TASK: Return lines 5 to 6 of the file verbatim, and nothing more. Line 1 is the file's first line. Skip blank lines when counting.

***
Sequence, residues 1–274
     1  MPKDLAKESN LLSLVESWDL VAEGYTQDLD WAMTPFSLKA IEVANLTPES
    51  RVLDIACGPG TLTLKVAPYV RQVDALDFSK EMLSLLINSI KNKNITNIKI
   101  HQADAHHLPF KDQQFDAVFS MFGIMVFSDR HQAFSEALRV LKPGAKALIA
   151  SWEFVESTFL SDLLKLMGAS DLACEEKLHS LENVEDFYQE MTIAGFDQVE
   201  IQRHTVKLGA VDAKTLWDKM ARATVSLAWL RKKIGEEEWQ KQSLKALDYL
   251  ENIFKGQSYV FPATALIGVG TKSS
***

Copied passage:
   151  SWEFVESTFL SDLLKLMGAS DLACEEKLHS LENVEDFYQE MTIAGFDQVE
   201  IQRHTVKLGA VDAKTLWDKM ARATVSLAWL RKKIGEEEWQ KQSLKALDYL